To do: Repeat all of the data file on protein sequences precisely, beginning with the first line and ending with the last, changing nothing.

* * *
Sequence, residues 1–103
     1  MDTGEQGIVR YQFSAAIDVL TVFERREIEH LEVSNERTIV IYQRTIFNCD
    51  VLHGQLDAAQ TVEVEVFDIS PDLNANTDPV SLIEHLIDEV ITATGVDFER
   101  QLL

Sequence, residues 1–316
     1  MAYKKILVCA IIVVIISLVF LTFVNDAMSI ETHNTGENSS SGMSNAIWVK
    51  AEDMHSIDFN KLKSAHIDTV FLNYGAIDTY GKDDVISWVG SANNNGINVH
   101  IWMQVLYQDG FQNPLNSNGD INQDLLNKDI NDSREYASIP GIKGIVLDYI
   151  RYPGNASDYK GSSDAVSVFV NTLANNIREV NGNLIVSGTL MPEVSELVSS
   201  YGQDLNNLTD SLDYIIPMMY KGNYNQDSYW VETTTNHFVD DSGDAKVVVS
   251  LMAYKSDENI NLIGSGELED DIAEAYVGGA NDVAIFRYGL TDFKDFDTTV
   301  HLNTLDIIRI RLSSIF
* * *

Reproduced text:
Sequence, residues 1–103
     1  MDTGEQGIVR YQFSAAIDVL TVFERREIEH LEVSNERTIV IYQRTIFNCD
    51  VLHGQLDAAQ TVEVEVFDIS PDLNANTDPV SLIEHLIDEV ITATGVDFER
   101  QLL

Sequence, residues 1–316
     1  MAYKKILVCA IIVVIISLVF LTFVNDAMSI ETHNTGENSS SGMSNAIWVK
    51  AEDMHSIDFN KLKSAHIDTV FLNYGAIDTY GKDDVISWVG SANNNGINVH
   101  IWMQVLYQDG FQNPLNSNGD INQDLLNKDI NDSREYASIP GIKGIVLDYI
   151  RYPGNASDYK GSSDAVSVFV NTLANNIREV NGNLIVSGTL MPEVSELVSS
   201  YGQDLNNLTD SLDYIIPMMY KGNYNQDSYW VETTTNHFVD DSGDAKVVVS
   251  LMAYKSDENI NLIGSGELED DIAEAYVGGA NDVAIFRYGL TDFKDFDTTV
   301  HLNTLDIIRI RLSSIF